Feasts may equally be an escape from or rejection of social norms: after the Restoration of Charles II in 1660, the anti-monarchist Calves' Head Club apparently held a covert feast every 30 January (the anniversary of Charles I's beheading). They prepared a dinner at which a cod's head represented Charles Stuart; a pike, tyranny; a boar's head, the king preying on his subjects; and calves' heads prepared in a whole variety of ways represented the king's head and his supporters. Copious toasts of defiance were drunk, after which the revellers wrapped one of the calves' heads in a bloody cloth and ceremonially flung it onto a bonfire in the courtyard. There will always be those who use a feast to shock and who revel in their guests' discomfort. If all the tales about Roman emperors are to be believed, their guests suffered a string of indignities such as having their air-filled cushions deflated during the meal, or eating their way through trick food made from anything from pork to pearls, or sampling a succession of rare and eclectic dishes, convinced that they would be murdered at the end of the evening. But if feasts are used to control and manipulate, they are also used to placate. Samuel Pepys's observation, 'Strange to see how a good dinner and feasting reconciles everybody', will find echoes throughout the book. Sometimes we do love to behave badly, and in recognising man's innate need to let off steam, religions and states often condone unruly behaviour: the Bacchanals, Saturnalia, the Feast of Fools, Twelfth Night and Carnival are all good Rabelaisian examples. In complete contrast were some Greek symposia and the Zoroastrians' silent feasts, both models of philosophical restraint.
And so it continues. There are superstitious feasts connected with fertility and the annual cycle of food production, there are feasts of mutual benefit where people are lured to carry out some communal task by the promise of a generous feast, often on the tacit understanding that both work and reward would be reciprocated. The gathering-in of a harvest is one example, building a house could be another. Rites of passage are used as opportunities for feasting in all societies. Thanksgiving is offered for many reasons from the harvesting of crops to the end of a war or the return of a long-lost relative.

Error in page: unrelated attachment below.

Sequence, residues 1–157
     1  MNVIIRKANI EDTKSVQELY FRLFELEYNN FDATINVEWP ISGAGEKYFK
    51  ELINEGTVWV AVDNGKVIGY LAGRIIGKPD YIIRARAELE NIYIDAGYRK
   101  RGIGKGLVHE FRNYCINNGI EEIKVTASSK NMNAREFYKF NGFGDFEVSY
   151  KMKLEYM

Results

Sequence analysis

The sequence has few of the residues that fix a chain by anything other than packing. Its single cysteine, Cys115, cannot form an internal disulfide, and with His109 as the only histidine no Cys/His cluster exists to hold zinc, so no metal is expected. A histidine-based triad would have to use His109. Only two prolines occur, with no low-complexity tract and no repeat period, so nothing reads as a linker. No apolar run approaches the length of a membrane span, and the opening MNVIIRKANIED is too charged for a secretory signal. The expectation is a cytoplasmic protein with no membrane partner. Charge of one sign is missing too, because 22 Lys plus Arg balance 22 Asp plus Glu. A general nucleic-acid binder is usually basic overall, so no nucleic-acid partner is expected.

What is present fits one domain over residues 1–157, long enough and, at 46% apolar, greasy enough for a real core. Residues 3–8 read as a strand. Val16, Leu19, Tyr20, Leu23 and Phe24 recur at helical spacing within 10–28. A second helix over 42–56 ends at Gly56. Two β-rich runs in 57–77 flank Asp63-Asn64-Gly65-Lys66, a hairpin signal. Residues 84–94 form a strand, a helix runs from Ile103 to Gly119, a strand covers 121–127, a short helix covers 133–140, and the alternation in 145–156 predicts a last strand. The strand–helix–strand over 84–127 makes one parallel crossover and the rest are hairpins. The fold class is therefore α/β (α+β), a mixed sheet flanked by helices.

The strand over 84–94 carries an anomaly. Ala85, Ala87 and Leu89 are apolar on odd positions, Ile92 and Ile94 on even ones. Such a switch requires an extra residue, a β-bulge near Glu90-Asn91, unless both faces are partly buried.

Sometimes feasts come about as a result of a glut – of fruit, fish, fungi or some other perishable treat – or are based around an ingredient, like Elizabethan venison feasts or the turtle feasts so popular in the nineteenth century. Sometimes the aim is to encourage: one of the most spectacular medieval feasts, the Feast of the Pheasant given by the Duke of Burgundy in 1454, was given to promote the idea of a crusade against the Turks. And the world's largest banquet was given in Paris in 1900 to revive flagging republican spirits. Émil Loubet entertained France's 22,695 mayors in a huge marquee in the Tuileries Gardens with beef 'Bellevue', a terrine of Rouen duck, chicken from Bresse, and ballottine of pheasant (note the focus on meat in this description, another common feast element). The waiters used bicycles to serve the seven kilometres of tables and the chief supervisor used an early automobile to move about. This event was meant to evoke General Lafayette's Festival of Federation held in 1790 on the anniversary of the Fall of the Bastille when a series of 'endless tables' was set up in the park and representatives from all the provinces were invited to a continuous feast of fraternity.
A feast can occur for no other reason than generosity. Plenty of tales from the Middle East describe feasts of Arab hospitality with dozens of delicious dishes and sweetmeats, perhaps an entire herd of camels, produced to entertain a complete stranger. These feasts are examples of true open-handedness, where food and entertainment are given without counting the cost or expecting anything in return, in this world at any rate. The willingness to give generously to a complete stranger is integral to Islamic culture: 'If there is anything that resembles being a deity it is feeding people', and a guest is considered a gift from God.